How much must a worker be paid while on holiday?

Every worker has the statutory right to 5.6 weeks’ paid holiday a year. Sounds straight forward to calculate? Unfortunately, it has proved to be anything but.

In 2012, the Court of Justice of the European Union in Williams v British Airways plc confirmed that a worker must be no worse off financially during annual leave than if they had continued working. Since then, the tribunals have seen several claims concerning whether overtime, commission and allowances form part of ‘normal remuneration’ for holiday pay purposes. This is important for businesses as it directly affects their operating costs and margins.

We now have the highly anticipated judgment of the Employment Appeal Tribunal (EAT) in the combined cases of Bear Scotland Ltd v Fulton, Hertel (UK) Ltd v Woods and Amec Group Ltd v Law considering whether some workers been underpaid, and if so how far back can they claim?

Calculating holiday pay

Under the Working Time Regulations 1998 (WTR) a worker is entitled to 5.6 weeks holiday leave paid “at the rate of a week’s pay” calculated in accordance with complicated ‘week’s pay’ rules in the Employment Rights Act 1996 (ERA). Basically, “normal working hours” are those fixed by the contract. This includes basic hours plus contractually guaranteed overtime. However, non-guaranteed/voluntary overtime is excluded even if worked regularly.

Following Williams, the EAT has confirmed that under the EU Working Time Directive, overtime, including non-guaranteed overtime and other allowances “intrinsically linked to the performance of the tasks” must be included in holiday pay, saying “normal pay is that which is normally received”. In cases where the pattern of work is settled, it will be fairly easy to determine the normal pay. Where there is no such “normal” an average should be taken over a reference period.

This means that not only contractually guaranteed overtime must be included in calculating holiday pay, but also non-guaranteed and voluntary overtime which is regularly worked. What is still excluded is irregular/erratic voluntary overtime.

Regulation 13 v regulation 13A leave

The new wider definition of a ‘week’s pay’ only applies to the first four weeks of holiday entitlement under regulation 13. This is because only regulation 13 leave derives from the Directive. The additional 1.6 weeks under regulation 13A is a matter of UK law only. As the Directive requires a wider definition to “normal pay”, the UK tribunals are obliged to interpret the WTR accordingly but only in relation to rights derived from the Directive.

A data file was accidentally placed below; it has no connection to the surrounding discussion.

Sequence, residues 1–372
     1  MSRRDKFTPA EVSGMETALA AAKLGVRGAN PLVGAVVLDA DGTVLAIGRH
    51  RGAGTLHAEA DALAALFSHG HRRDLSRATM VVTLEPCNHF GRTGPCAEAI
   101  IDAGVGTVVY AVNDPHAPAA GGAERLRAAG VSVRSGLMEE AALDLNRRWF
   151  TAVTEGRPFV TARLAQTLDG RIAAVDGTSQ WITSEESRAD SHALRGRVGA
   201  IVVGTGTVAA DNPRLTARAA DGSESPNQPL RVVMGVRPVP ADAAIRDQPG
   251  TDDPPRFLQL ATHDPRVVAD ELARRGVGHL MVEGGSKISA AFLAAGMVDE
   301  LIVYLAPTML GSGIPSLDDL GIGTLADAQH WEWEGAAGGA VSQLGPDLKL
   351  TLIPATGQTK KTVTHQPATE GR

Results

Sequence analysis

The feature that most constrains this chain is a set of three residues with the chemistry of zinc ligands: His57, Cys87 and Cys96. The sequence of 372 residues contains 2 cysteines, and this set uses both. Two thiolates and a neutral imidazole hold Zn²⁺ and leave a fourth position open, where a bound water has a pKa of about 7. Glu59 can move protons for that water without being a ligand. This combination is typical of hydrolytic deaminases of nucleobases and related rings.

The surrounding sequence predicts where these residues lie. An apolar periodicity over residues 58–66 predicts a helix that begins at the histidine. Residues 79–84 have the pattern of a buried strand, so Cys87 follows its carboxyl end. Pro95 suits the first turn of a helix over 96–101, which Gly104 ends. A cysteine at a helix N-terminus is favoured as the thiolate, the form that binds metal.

This means workers may be entitled to a higher rate of holiday pay for regulation 13 leave than for regulation 13A additional leave.

Back claims

Connie Cliff
Connie Cliff, Wragge Lawrence Graham & Co

Holiday pay claims can be brought as a series of “unlawful deduction of wages” contrary to s13 ERA. Provided the claim is brought within three months of the last deduction in the series, tribunals have allowed workers to link together a series of underpayments going back several years, regardless of the length of time that had elapsed between each underpayment.

In a crucial new development, the EAT has held that if there is a gap of more than three months between any two deductions in the chain, the ‘series’ of deductions is broken.

This part of the judgment, limiting the number of years a worker may potentially look back, is of great significance. The chances of a worker having a long series of underpaid regulation 13 leave, is minimal.

What does this mean?

Going forward, overtime regularly worked, whether guaranteed contractually or not, must be taken into account in calculating the first four weeks of holiday pay. This will inevitably lead to a considerable rise in holiday pay bills for many employers. However, the potential value of back claims has been significantly cut for now.

Leave to appeal has been given. A successful appeal on the issue of how holiday pay should be calculated seems highly unlikely; however, the prospect of success on the “series of deductions” issue is much more difficult to call. 

Connie Cliff is an associate at Wragge Lawrence Graham & Co

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